Standards body the Organisation for the Advancement of Structured Information Standards (Oasis) has stepped up its efforts to advance the adoption of Public Key Infrastructure (PKI).
But analysts have warned that the group has much to do, as many stumbling blocks to PKI adoption, such as cost and interoperability, have still to be addressed.
Oasis, which includes members such as RSA Security, Verisign and Sun Microsystems, has set up a new technical committee to work on issues such as interoperability, deployment standards, implementation guidelines and conformance tests to improve PKI take up.
Terry Leahy, chairman of the new Oasis PKI Technical Committee, said: "We want to address the issues behind the successful deployment of digital certificates to meet business and security requirements.
"Our collaboration will focus on overcoming technical and integration challenges and promoting greater interoperability."
Sarah Kent, director of corporate and business development at RSA, explained that companies should begin to see the benefits of Oasis' work over the next six to 12 months.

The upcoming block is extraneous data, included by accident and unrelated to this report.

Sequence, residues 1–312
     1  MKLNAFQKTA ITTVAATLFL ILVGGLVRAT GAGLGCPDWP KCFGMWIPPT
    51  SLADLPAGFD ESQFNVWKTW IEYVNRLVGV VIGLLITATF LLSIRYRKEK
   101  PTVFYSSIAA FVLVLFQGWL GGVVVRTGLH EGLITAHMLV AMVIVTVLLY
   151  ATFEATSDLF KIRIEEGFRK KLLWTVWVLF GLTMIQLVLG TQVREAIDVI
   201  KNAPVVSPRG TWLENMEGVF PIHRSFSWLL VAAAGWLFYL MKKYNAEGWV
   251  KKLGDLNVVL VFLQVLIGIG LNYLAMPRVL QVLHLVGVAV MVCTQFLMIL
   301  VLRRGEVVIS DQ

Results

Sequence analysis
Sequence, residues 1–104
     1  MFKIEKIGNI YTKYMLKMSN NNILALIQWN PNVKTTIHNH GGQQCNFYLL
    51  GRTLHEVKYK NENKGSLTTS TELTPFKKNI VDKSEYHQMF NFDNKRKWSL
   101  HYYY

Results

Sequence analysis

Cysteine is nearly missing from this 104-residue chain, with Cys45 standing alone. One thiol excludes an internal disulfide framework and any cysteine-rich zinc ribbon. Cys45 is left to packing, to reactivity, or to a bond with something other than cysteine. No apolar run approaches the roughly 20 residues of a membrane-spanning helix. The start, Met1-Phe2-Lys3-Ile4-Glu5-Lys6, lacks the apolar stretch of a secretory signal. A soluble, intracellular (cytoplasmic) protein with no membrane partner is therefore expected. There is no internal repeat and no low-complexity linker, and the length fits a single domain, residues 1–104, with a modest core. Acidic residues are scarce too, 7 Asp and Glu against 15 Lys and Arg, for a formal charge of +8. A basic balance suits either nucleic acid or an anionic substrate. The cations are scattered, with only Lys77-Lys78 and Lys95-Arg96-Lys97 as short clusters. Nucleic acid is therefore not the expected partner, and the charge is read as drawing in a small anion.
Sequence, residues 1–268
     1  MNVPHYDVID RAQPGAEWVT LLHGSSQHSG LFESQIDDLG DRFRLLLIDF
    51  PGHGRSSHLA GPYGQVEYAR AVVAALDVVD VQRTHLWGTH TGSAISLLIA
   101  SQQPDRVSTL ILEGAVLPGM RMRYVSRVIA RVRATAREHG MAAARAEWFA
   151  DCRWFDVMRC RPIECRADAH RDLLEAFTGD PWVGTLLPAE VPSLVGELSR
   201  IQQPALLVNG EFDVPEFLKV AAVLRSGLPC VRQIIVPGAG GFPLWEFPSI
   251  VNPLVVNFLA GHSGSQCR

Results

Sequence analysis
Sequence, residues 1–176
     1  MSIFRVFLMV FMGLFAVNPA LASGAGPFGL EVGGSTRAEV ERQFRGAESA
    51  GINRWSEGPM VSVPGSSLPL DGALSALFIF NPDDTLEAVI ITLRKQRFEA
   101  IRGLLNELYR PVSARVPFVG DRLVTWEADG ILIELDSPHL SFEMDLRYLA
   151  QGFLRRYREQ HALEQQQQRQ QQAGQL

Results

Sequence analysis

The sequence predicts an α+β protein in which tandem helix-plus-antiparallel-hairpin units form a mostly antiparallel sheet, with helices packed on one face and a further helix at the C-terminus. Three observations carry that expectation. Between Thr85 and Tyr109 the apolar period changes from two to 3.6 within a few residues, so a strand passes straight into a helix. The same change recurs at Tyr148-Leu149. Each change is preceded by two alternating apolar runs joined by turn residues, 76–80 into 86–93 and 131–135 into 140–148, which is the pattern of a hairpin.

"What is crucial now is that companies look at maybe getting involved in the standards process and getting educated in this area," she said.
Ovum analyst Graham Titterington believes that PKI is crucial for web services, but agreed that there are important issues that need to be looked at.
"PKI has been a disappointing market for the people in it up until the relatively recent past," he said.
"The biggest single problem is whom do you trust? It has had some success in closed communities such as within multi-national organisations and some trading communities.
"PKI is vital to web services as the identification of people is crucial. Cost is a problem and one of the biggest issues is administering the certificates. If web services catch on then the demand should bring this cost down."
Titterington acknowledged that the issue of interoperability is being tackled by such groups as Oasis.
"In the past there have been problems, but this was largely due to the old standards being incomplete," he said.
"The PKI industry has made progress on this, but it is something that Oasis will need to work on."
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